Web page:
Baltimore Ravens

Ex-Steeler Mike Wallace on joining Ravens: 'I used to hate purple. Now I love purple'

Wearing a purple polo shirt, seated in front of a screen of Ravens logos and alongside a head coach whose team he used to badly want to beat, wide receiver Mike Wallace acknowledged the awkwardness of it all.

He was ready to embrace it, too.


"I just have to switch my whole mentality," Wallace said Tuesday during an afternoon news conference at the Under Armour Performance Center. "I used to hate purple. Now I love purple."

It was only about 2 ½ years ago when Wallace, then a newly minted Miami Dolphin after spending four seasons with the Pittsburgh Steelers, declared that the Ravens were his least favorite team. But on Tuesday, not long after signing a two-year deal with the Ravens worth a reported $11.5 million, Wallace was all smiles.


"It's a really stable, really well-rounded organization," Wallace said. "I kind of knew that, though, before just from the outside and friends that I already had here. … It felt right from the moment I walked in. Just happy to be here."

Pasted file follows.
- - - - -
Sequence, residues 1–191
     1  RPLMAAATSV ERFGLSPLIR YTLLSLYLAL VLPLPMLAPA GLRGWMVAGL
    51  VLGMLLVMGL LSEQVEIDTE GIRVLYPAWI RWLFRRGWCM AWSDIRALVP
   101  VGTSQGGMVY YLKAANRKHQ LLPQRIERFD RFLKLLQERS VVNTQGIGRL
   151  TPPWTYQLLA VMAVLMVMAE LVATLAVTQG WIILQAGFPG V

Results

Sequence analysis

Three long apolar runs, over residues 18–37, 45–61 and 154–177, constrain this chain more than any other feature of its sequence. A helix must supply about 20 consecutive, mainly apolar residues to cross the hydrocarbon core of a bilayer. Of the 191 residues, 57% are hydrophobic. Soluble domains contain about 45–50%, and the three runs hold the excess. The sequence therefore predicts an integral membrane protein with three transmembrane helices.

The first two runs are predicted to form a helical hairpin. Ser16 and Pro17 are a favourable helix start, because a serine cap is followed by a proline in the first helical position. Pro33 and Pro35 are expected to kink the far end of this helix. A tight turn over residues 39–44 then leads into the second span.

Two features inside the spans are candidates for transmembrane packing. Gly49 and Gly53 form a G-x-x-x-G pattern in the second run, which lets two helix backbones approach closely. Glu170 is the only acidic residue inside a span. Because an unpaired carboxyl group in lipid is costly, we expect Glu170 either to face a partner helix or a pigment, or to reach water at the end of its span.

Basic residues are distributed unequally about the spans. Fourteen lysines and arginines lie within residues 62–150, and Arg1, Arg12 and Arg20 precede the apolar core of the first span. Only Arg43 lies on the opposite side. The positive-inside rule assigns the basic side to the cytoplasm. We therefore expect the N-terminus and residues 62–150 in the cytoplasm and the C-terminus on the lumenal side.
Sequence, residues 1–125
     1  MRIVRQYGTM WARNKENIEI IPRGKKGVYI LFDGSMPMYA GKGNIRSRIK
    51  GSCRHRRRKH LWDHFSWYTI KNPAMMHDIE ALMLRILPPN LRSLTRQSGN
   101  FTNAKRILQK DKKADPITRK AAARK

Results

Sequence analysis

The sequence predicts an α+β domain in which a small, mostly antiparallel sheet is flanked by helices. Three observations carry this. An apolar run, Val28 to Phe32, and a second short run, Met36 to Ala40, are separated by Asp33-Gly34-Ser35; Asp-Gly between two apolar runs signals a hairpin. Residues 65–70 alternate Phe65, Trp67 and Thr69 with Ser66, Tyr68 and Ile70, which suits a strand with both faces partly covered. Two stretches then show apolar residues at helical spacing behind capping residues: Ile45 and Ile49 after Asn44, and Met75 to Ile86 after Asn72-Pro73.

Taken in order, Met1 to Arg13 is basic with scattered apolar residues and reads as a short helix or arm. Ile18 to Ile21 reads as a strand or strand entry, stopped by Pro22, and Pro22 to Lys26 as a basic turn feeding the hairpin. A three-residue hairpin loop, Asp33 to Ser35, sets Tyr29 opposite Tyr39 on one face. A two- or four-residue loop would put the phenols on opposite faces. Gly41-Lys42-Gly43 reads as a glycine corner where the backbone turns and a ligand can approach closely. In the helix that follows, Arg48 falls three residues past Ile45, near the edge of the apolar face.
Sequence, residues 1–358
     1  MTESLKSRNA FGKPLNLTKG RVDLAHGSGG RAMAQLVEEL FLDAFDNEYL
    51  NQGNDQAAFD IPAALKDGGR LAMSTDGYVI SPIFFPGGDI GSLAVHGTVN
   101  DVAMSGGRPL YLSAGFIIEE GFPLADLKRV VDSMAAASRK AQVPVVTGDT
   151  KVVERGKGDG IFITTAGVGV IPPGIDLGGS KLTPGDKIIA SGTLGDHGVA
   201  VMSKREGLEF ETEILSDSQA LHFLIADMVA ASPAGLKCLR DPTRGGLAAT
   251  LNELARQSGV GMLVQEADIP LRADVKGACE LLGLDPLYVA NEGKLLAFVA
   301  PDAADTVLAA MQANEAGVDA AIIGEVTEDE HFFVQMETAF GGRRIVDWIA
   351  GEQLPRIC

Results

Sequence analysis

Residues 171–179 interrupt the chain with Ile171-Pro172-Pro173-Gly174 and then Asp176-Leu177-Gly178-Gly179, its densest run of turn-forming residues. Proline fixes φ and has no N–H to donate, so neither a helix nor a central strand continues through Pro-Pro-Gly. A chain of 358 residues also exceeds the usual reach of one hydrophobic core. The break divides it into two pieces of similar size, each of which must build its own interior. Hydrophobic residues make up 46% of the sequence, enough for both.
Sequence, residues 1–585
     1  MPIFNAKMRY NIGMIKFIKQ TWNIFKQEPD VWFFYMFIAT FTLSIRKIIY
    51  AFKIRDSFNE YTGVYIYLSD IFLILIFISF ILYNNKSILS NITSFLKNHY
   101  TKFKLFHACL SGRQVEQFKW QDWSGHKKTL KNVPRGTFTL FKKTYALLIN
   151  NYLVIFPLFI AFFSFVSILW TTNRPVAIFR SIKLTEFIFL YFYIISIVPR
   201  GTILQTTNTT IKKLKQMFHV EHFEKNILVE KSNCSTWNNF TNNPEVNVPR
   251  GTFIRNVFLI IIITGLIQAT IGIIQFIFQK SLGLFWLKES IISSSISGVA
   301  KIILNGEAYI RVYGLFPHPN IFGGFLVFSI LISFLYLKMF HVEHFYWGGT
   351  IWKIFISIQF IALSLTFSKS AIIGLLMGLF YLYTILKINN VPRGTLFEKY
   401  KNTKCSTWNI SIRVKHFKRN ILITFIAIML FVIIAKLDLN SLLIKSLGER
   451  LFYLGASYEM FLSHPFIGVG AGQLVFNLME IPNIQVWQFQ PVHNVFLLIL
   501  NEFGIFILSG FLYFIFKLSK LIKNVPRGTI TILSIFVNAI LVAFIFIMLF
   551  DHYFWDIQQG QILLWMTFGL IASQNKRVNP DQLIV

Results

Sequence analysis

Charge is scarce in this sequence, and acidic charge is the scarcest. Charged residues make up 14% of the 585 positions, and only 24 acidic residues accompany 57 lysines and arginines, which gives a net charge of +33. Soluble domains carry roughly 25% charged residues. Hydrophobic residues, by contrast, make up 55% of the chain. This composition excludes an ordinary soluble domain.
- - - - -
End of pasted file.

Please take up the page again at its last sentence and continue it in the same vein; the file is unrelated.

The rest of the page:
That Wallace and the Ravens gravitated toward each other makes sense. The Ravens badly need to add speed and playmaking ability on the outside, something the team lacked last year with rookie first-round pick Breshad Perriman missing the entire season with a knee injury. Wallace, 29, was looking for an offense that better suits his skill set and a quarterback who loves throwing the deep ball.

"This is a really good football player," Ravens coach John Harbaugh said. "This is a guy that changes the face of our offense dramatically. He adds an element that is just very important in the National Football League. He's a complete receiver."

The Wallace signing caps a productive couple of days for the Ravens, who on Monday agreed to a four-year deal with long-time San Diego Chargers safety Eric Weddle, who will officially sign his contract Wednesday. Stabilizing the secondary and adding more playmakers for quarterback Joe Flacco were among general manager Ozzie Newsome's biggest priorities.

With two moves in about a 24-hour span, the Ravens accomplished both. Now, they'll be looking to solidify the roster at left tackle, outside linebacker, inside linebacker and cornerback.